• Idiopathic α- and dense-granule storage pool disease

  • Disorders of phospholipid exposure

    • Scott syndrome

Clinical History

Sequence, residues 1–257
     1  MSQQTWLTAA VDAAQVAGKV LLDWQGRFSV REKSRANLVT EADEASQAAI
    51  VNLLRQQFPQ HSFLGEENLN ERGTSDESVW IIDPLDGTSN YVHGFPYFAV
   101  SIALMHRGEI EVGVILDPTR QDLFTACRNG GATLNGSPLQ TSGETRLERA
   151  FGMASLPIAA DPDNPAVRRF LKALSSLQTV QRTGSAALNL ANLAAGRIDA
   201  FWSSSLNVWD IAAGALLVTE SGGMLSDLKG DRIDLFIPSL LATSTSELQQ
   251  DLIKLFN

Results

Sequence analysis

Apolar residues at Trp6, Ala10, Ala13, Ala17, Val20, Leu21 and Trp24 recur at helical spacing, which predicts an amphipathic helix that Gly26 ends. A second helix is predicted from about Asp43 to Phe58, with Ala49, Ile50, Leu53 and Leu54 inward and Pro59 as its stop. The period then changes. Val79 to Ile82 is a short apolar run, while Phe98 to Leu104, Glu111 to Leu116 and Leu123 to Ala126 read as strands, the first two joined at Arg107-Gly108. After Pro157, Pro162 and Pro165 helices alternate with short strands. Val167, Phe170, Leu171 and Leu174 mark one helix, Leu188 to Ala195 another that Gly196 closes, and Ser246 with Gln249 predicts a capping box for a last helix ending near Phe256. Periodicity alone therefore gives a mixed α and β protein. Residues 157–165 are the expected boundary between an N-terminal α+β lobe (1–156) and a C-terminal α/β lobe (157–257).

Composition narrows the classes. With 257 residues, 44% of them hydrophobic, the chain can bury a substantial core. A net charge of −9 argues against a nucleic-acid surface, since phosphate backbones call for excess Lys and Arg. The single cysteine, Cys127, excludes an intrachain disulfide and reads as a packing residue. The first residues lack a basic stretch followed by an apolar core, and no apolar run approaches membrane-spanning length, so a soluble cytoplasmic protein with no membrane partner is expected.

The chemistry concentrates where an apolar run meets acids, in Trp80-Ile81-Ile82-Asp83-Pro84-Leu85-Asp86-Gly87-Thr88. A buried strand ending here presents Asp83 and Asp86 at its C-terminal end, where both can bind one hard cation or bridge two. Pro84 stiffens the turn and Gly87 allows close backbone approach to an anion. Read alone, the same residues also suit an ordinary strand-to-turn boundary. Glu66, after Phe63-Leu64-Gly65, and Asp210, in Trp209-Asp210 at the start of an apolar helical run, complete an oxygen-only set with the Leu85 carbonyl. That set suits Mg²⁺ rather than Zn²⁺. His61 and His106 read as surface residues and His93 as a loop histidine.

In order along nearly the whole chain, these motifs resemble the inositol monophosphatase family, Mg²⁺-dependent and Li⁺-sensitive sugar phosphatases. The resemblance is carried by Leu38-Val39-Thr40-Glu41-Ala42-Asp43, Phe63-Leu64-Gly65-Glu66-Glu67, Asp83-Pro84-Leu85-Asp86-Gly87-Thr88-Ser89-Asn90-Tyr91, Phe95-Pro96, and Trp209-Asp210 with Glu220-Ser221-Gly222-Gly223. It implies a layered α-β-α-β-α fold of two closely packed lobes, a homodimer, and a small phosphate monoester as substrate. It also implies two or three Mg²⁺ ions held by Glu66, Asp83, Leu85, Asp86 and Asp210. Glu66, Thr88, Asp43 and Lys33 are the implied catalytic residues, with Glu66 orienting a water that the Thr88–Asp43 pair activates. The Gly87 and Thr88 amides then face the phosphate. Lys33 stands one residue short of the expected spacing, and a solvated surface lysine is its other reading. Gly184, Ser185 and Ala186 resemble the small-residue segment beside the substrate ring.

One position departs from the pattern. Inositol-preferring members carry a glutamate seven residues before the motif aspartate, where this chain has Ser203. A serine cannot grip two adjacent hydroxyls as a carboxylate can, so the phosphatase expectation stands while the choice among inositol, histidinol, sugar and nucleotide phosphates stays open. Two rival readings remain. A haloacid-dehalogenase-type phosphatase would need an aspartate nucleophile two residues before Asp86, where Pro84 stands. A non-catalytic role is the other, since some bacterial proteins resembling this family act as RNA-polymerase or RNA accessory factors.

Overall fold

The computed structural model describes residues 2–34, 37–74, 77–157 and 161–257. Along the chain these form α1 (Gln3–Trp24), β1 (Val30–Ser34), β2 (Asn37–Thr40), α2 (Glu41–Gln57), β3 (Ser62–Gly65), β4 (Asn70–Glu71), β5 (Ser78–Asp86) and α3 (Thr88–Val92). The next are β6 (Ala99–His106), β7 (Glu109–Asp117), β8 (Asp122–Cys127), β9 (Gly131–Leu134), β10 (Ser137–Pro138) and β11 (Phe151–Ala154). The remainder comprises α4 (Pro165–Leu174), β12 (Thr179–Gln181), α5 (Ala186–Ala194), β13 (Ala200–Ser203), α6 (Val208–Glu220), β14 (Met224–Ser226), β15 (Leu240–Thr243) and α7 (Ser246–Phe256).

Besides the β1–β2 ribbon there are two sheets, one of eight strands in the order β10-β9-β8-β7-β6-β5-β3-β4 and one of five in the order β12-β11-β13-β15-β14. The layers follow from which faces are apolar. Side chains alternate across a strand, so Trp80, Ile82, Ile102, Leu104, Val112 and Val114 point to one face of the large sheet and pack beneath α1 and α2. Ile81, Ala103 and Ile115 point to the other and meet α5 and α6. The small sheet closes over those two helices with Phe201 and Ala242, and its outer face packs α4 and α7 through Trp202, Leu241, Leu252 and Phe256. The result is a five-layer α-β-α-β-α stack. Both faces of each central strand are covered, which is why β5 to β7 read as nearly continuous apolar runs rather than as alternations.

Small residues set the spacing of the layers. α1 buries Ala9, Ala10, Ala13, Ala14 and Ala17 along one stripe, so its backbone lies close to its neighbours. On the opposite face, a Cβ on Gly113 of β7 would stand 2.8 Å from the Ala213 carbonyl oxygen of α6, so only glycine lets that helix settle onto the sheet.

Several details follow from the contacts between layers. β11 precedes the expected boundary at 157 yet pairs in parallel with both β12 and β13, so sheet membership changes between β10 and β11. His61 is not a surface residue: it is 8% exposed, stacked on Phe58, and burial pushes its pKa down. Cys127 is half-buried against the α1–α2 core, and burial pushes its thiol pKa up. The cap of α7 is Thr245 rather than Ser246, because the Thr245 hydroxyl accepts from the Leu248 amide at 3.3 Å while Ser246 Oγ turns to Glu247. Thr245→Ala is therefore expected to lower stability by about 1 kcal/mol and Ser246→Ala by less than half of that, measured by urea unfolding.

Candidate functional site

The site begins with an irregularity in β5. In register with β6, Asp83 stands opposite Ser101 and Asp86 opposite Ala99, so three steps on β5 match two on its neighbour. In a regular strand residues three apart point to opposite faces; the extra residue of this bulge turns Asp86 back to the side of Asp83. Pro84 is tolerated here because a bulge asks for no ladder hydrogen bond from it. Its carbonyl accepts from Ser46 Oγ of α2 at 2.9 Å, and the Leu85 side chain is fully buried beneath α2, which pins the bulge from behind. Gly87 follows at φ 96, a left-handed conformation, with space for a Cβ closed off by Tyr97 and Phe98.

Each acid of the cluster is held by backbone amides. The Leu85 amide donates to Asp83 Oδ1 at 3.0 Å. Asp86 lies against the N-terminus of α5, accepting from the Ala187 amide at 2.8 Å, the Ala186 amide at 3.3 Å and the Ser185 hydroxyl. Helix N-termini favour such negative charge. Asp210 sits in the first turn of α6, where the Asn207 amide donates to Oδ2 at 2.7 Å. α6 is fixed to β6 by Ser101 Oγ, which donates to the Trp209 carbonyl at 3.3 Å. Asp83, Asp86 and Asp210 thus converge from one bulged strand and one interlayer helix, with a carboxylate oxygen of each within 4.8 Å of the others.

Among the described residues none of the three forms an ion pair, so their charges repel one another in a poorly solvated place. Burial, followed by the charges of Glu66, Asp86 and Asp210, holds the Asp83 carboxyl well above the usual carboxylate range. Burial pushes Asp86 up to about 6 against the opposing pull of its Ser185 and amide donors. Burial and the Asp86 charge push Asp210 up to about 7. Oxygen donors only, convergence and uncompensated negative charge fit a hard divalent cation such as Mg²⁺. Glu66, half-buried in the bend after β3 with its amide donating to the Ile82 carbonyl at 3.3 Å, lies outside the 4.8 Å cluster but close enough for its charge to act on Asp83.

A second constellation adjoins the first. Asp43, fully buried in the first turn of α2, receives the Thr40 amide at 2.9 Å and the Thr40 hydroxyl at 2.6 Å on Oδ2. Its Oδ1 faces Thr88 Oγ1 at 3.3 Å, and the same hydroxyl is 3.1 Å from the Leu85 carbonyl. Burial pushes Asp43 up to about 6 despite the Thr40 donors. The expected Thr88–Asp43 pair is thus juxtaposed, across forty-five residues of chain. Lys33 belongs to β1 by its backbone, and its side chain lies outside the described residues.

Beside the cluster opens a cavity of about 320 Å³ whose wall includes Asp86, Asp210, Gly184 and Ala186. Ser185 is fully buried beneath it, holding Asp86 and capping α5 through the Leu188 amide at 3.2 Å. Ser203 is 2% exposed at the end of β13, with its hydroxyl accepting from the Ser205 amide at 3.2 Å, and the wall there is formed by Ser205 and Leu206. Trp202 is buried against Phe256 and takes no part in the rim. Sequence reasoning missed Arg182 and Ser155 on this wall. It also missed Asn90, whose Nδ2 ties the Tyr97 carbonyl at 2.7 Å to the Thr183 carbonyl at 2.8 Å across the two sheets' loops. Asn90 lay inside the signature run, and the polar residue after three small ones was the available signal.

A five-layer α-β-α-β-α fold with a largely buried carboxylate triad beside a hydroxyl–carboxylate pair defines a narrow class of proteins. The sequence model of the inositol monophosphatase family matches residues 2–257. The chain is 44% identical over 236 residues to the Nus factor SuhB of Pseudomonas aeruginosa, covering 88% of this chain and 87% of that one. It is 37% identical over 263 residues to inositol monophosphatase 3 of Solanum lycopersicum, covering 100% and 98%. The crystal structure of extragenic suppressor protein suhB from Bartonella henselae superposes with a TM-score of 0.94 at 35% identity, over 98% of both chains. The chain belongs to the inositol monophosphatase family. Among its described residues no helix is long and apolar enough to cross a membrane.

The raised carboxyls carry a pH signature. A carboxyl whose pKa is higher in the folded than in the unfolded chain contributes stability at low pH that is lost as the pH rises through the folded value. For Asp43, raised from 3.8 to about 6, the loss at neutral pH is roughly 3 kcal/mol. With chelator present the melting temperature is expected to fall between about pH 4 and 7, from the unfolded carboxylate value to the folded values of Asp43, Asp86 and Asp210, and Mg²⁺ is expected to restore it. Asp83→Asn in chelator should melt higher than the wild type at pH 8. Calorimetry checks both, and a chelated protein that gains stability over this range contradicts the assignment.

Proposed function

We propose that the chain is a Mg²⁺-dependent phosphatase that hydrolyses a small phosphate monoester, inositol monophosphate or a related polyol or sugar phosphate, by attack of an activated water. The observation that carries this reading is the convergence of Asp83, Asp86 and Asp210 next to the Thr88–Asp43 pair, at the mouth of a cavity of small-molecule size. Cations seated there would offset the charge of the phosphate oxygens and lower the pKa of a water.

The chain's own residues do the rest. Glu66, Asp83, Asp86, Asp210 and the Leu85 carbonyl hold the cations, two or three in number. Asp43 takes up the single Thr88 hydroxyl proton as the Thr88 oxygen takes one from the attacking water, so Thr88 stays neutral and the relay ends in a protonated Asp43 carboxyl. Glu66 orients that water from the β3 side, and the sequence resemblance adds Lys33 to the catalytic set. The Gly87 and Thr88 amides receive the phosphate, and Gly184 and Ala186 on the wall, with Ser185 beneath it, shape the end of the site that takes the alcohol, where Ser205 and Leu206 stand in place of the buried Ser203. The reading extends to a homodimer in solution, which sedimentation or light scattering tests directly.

The generic enquiry “does he or she bruise easily” may not provide the clinician with the details to accurately abnormal have constructed bleeding scores in an attempt to provide a quantitative evaluation of the severity of the bleeding history. These have been mainly evaluated and used in patients with von Willebrand disease; their application to other disorders will require further validation.7 Defects of primary haemostasis (von Willebrand disease, thrombocytopenia or a disorder of platelet function) are associated with mucosal bleeding such as epistaxis, gum bleeding and menorrhagia. Symptoms such as gum bleeding or epistaxis are more relevant if recurrent or prolonged. Frequent, prolonged and bilateral nose bleeds are more likely to be due to a bleeding disorder than the occasional, short, unilateral nose bleed. A useful definition of a significant history of epistaxis is one of more than five episodes or individual episodes of greater than 10 minutes’ duration.8 It is important to characterise the extent of bleeding after haemostatic challenges such as delivery, heel prick in the neonatal Umbilical inherited feature of factor XIII deficiency. The absence of significant bleeding after surgical procedures such as circumcision, tonsillectomy or dental extractions largely excludes a clinically significant inherited bleeding disorder. A history of poor wound healing, abnormal scars, sprains or joint dislocations would suggest a connective tissue disorder such as Ehlers–Danlos syndrome. The clinical history is increasingly useful as the child ages since the number of haemostatic challenges encountered will increase. The absence of significant clinical events limits the benefit of a negative clinical history. It is important to ask about the child’s general health and to enquire about symptoms relating to malabsorption, liver disease and kidney disease. Details of recently taken drugs are important as NSAID ingestion is the most common cause of abnormal platelet function and will affect platelet aggregation tests.